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Page:Folk-lore - A Quarterly Review. Volume 17, 1906.djvu/113

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Collectanea. loi

Little Angels

Is of a somewhat similar character. An even number of players stand in two rows, facing each other. All but the pair at the one end form a bridged passage by holding each other's hands at the full stretch of their arms. The end pair, entering the passage prancing along, proceed to the other end, where they join hands so as to prolong it. As each pair become the last pair of the double row they follow the first who entered the passage, and in turn prolong it as they reach the other end. It will be seen that this makes a continuous procession. During the performance all sing :

" One and two and three little angels, Four and five and six little angels, Seven and eight and nine little angels. All passing through.

Open the gates and let them through, Let them through, let them through. Open the gates and let them through, My fair ladies."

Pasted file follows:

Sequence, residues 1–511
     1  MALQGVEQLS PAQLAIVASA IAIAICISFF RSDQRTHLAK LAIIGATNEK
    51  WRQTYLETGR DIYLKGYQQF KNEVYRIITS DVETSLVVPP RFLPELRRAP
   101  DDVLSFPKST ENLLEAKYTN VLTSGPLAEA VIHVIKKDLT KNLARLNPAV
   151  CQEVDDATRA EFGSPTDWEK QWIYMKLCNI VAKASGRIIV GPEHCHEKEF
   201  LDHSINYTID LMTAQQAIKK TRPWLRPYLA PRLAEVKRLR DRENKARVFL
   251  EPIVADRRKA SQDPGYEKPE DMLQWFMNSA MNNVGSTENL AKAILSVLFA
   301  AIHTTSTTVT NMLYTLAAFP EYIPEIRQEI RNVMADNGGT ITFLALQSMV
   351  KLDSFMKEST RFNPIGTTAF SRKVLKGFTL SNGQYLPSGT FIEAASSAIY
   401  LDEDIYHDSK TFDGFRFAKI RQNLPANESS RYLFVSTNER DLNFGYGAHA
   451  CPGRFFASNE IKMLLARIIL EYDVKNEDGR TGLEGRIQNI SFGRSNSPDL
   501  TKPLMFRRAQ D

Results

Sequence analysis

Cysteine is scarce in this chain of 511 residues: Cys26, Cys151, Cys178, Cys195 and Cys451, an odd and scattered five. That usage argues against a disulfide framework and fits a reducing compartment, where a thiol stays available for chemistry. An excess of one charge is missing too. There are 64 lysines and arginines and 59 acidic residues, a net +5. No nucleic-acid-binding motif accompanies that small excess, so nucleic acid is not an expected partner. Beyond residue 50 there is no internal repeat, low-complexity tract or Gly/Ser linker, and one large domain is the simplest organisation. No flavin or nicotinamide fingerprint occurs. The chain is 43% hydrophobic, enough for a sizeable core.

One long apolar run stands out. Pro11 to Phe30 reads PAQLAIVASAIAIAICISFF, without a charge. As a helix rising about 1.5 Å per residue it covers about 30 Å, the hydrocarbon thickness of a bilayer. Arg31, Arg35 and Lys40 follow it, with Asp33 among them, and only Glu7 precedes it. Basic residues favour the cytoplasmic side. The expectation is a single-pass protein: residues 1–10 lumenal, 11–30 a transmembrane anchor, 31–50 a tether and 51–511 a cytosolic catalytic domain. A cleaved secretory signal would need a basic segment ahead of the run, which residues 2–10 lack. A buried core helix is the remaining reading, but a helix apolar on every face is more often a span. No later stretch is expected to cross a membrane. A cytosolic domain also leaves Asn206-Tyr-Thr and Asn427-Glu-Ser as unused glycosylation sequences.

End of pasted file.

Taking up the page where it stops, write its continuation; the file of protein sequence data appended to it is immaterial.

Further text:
The King of France

Is much the same game, played by a single row, all holding hands, their arms at full stretch. Commencing from one end they follow each other, bending through the intervals and prolonging the line as they get to the other end, while they

sing :

  • ' The King of France ran a race

O'er the hills canary O, He set the sun before his face O'er the hills canary O."

(P. 214, after line 24.)

The rhyme here is also given in the following form :

" I dropped it, I dropped it, I dree, I dree, I dropped it, I sent a letter to my love, And by the way I dropped it. I dropped it once, I dropped it twice, I dropped it three times over, over, over : "

continuing to repeat the word " over " till the napkin is dropped.